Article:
PloS one

Role of transient receptor potential ion channels and evoked levels of neuropeptides in a formaldehyde-induced model of asthma in BALB/c mice.

PMID 23671638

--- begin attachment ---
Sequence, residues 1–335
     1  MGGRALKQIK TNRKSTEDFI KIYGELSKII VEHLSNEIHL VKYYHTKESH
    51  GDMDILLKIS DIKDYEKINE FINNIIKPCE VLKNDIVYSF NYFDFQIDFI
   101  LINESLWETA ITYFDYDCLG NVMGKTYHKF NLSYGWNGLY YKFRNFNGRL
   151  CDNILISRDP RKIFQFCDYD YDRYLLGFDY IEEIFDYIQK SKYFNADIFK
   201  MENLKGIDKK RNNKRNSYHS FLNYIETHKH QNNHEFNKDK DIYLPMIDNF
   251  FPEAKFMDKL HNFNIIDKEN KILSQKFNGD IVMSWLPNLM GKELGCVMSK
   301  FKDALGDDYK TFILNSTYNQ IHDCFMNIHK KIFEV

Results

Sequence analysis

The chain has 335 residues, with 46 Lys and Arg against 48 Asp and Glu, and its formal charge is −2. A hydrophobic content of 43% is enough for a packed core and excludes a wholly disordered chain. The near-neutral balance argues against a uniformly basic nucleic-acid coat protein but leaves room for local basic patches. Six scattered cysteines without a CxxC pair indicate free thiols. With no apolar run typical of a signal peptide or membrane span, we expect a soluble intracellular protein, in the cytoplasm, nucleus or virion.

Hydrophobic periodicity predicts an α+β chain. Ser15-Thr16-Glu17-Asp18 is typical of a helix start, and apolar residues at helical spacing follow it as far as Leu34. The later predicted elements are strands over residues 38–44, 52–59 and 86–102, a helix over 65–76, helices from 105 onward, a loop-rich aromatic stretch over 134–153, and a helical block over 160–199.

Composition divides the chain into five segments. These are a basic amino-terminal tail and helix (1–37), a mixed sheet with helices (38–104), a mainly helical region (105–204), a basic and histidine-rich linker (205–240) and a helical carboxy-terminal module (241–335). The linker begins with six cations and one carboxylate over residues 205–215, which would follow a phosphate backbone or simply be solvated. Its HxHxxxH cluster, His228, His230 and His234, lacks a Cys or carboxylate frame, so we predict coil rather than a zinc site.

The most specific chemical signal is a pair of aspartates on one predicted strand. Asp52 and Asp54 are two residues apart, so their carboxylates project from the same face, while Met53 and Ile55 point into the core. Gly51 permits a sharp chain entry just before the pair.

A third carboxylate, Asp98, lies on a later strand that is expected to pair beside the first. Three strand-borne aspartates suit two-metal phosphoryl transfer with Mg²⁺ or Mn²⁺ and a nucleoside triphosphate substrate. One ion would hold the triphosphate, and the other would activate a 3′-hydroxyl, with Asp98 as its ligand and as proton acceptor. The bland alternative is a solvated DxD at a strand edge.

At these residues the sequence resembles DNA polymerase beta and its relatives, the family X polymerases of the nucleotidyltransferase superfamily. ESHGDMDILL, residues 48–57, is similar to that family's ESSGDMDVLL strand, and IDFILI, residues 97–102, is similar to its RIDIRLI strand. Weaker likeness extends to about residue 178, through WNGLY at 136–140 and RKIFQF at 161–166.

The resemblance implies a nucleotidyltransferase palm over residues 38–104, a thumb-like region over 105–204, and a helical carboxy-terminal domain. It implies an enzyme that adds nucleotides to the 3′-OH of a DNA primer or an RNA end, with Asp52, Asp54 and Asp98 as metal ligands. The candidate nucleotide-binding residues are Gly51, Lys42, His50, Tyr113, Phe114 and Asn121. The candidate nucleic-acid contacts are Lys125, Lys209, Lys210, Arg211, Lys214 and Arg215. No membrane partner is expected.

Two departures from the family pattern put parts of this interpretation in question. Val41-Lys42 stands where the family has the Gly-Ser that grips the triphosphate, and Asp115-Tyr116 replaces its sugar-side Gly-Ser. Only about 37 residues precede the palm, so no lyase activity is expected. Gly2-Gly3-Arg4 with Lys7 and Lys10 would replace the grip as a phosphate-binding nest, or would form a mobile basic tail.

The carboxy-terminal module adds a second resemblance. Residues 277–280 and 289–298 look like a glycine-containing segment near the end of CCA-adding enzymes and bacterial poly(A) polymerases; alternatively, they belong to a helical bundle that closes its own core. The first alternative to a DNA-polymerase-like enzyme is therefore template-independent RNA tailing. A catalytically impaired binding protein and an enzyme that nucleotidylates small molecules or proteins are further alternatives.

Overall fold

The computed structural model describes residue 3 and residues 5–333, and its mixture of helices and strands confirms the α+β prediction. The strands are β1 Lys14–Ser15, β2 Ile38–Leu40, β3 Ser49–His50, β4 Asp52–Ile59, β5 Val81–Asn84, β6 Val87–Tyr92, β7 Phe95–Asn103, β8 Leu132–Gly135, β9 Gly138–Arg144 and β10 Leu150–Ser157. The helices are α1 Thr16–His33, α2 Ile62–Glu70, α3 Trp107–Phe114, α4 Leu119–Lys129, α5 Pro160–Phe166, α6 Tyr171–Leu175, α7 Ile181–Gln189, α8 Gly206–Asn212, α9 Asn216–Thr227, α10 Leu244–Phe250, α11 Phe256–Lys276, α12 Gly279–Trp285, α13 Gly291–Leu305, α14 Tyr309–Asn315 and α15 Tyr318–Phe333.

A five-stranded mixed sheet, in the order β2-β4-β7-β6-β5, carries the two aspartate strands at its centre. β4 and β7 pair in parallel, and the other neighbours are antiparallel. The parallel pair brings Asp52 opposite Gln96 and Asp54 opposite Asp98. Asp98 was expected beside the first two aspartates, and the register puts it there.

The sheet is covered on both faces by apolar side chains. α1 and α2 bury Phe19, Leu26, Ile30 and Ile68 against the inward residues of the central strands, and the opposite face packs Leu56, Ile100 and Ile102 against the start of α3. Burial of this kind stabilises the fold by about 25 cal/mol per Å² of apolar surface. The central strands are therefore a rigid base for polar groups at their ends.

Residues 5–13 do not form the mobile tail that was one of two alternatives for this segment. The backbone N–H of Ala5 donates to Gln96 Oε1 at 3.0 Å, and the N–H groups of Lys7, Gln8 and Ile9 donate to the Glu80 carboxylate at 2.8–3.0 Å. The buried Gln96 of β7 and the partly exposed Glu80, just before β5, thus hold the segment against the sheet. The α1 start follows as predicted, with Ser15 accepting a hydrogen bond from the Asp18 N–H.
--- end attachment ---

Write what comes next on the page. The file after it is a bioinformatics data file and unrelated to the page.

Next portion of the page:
Asthma is a complex pulmonary inflammatory disease characterized by the hyper-responsiveness, remodeling and inflammation of airways. Formaldehyde is a common indoor air pollutant that can cause asthma in people experiencing long-term exposure. The irritant effect and adjuvant effect are the two possible pathways of formaldehyde promoted asthma. To explore the neural mechanisms and adjuvant effect of formaldehyde, 48 Balb/c mice in six experimental groups were exposed to (a) vehicle control; (b) ovalbumin; (c) formaldehyde (3.0 mg/m(3)); (d) ovalbumin+formaldehyde (3.0 mg/m(3)); (e) ovalbumin+formaldehyde (3.0 mg/m(3))+HC-030031 (transient receptor potential ankyrin 1 antagonist); (f) ovalbumin+formaldehyde (3.0 mg/m(3))+ capsazepine (transient receptor potential vanilloid 1 antagonist). Experiments were conducted after 4 weeks of combined exposure and 1-week challenge with aerosolized ovalbumin. Airway hyper-responsiveness, pulmonary tissue damage, eosinophil infiltration, and increased levels of interleukin-4, interleukin-6, interleukin-1β, immunoglobulin E, substance P and calcitonin gene-related peptide in lung tissues were found in the ovalbumin+formaldehyde (3.0 mg/m(3)) group compared with the values seen in ovalbumin -only immunized mice. Except for interleukin-1β levels, other changes in the levels of biomarker could be inhibited by HC-030031 and capsazepine. Formaldehyde might be a key risk factor for the rise in asthma cases. Transient receptor potential ion channels and neuropeptides have important roles in formaldehyde promoted-asthma.